• Human visual perception is attuned to movement.
  • HCI Consequence.
    • Our vision is drawn to moving objects in a user interface.
sensation perception vision2
Sensation/Perception: Vision
  • Visual system is like a camera, different in some critical ways (from simple camera!):
    • Eye is in a fixed position and the shape is distorted by various muscles.
    • Light sensitivity varies across the retina. It is best in the center and worst at the edges.
    • Two eyes permit depth perception.
  • HCI Consequence.
    • People can become fatigued when they receive visual input from a user interface. When it is likely that your user will become fatigued from visual input, consider having an alternative presentation modality, such as audio.
sensation perception vision3
Sensation/Perception: Vision
  • Color is increasingly important in HCI.
  • Color perceptions are subject to fatigue.
  • We are sensitive to flickering lights
sensation perception vision4
Sensation/Perception: Vision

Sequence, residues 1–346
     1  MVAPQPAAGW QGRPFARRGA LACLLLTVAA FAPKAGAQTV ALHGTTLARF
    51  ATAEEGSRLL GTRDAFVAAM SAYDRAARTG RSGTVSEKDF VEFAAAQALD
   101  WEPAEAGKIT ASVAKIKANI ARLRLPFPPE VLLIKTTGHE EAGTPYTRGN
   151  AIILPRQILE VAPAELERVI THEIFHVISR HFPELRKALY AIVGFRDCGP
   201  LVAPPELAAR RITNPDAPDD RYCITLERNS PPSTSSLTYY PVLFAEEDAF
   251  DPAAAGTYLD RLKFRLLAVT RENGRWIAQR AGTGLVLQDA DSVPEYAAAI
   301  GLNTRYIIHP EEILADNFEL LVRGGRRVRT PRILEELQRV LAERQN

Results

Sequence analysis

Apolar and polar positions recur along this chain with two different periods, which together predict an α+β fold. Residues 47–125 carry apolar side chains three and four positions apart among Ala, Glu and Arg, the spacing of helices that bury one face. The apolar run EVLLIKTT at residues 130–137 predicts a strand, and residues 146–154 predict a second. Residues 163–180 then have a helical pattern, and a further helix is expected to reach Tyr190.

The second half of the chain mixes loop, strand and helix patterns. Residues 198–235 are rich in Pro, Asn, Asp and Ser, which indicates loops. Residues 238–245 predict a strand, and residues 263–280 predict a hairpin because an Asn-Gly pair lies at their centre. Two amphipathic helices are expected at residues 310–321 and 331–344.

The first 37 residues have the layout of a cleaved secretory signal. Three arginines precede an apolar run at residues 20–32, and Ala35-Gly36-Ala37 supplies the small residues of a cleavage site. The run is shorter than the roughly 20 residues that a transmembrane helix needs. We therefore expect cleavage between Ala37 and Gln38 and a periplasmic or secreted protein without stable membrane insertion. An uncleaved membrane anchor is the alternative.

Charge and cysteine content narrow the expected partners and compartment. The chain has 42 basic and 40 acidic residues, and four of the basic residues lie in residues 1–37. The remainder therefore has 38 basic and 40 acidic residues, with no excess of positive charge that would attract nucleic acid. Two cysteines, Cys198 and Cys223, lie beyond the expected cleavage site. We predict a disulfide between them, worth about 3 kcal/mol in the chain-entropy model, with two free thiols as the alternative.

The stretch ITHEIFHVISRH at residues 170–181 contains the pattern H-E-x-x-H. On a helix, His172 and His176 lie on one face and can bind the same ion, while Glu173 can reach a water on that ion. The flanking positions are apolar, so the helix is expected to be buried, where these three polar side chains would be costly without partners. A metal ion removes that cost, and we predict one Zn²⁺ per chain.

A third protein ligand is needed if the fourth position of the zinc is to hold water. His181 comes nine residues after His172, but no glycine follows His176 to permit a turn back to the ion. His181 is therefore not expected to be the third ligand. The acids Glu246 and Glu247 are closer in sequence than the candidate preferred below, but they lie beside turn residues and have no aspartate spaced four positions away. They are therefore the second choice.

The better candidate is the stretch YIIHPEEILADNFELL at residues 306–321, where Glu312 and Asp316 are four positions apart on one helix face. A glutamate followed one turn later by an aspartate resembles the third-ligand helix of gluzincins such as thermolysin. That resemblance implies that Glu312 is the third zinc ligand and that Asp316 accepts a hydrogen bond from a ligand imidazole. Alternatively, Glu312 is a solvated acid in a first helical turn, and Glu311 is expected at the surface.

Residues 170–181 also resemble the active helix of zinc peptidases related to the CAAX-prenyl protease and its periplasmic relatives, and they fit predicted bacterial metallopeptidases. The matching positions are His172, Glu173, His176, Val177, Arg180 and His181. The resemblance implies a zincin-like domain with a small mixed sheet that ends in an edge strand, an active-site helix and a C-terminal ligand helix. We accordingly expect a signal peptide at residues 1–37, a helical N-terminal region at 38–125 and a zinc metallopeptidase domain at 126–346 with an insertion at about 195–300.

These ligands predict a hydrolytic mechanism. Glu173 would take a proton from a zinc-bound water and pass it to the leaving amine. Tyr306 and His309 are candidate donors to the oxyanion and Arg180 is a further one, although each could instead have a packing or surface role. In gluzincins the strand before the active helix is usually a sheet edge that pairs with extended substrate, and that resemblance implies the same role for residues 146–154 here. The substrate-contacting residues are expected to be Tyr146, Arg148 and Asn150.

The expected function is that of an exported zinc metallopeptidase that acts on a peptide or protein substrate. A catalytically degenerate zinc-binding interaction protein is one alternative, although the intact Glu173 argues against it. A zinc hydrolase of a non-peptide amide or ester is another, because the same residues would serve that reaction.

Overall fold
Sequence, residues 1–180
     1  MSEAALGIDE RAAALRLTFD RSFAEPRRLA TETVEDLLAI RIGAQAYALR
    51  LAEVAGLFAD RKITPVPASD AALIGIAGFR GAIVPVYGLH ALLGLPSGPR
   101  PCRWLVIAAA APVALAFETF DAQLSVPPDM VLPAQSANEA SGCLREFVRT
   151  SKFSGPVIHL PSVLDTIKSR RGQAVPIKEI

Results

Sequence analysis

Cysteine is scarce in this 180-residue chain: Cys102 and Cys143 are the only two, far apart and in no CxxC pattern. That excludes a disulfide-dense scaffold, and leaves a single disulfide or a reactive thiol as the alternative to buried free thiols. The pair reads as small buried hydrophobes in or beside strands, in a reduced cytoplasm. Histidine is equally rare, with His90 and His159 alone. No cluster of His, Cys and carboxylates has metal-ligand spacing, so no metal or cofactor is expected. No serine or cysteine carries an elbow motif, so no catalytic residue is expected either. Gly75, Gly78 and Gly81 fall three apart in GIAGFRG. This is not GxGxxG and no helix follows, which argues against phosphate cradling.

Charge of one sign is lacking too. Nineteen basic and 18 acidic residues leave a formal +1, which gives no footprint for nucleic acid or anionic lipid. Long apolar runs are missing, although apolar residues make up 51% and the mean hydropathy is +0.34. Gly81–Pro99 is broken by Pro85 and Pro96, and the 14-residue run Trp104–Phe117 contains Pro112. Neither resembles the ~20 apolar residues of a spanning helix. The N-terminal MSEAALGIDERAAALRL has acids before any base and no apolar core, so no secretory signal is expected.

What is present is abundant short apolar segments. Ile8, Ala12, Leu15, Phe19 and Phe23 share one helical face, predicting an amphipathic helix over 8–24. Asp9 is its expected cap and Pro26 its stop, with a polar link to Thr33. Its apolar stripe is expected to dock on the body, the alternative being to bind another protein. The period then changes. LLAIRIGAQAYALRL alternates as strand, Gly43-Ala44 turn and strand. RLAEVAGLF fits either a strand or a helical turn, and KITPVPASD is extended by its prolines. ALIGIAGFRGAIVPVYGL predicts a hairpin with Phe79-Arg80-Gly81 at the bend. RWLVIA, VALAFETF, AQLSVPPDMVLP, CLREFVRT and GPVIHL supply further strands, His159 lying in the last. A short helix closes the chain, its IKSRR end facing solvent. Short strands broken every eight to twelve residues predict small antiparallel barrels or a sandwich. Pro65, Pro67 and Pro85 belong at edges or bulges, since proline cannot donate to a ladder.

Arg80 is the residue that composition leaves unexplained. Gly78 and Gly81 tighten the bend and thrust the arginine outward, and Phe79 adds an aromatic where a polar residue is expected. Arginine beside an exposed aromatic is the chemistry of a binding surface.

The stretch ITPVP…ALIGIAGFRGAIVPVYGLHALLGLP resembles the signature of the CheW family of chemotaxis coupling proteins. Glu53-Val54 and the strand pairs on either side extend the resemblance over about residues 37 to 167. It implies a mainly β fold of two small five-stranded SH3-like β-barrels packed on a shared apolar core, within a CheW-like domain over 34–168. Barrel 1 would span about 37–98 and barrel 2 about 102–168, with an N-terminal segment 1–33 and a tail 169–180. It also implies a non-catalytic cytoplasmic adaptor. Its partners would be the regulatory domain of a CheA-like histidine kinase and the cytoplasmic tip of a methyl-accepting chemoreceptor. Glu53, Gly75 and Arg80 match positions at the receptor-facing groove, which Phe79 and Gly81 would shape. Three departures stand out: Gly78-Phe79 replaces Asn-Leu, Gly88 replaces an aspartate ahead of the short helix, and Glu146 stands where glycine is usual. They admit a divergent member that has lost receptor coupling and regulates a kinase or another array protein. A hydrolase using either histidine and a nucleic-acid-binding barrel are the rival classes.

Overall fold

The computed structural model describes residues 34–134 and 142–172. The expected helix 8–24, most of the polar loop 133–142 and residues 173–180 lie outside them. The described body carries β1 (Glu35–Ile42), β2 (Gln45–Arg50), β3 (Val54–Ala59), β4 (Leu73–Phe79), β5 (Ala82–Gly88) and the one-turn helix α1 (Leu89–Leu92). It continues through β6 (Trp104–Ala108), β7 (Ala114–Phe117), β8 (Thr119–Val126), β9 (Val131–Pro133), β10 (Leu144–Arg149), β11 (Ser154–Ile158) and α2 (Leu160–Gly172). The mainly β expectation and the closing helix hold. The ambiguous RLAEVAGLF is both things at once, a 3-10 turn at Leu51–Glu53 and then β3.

• Visual Ability Declines with Age
    • Vision is an ability that declines with age, despite the common belief that most human abilities do not decline with age.
    • For example, a person’s perception of color may change. Disorders such as macular degeneration and glaucoma severely limit what a person is able to see.
  • HCI Consequence.
    • When designing for users who include persons of all ages, be sure to accommodate some of the specific changes which come with age
sensation perception vision5
Sensation/Perception: Vision
  • Visual processing involves transformation and interpretation
  • What we "see" is affected by what we know and what we expect and the context
  • Overhead A
sensation perception vision6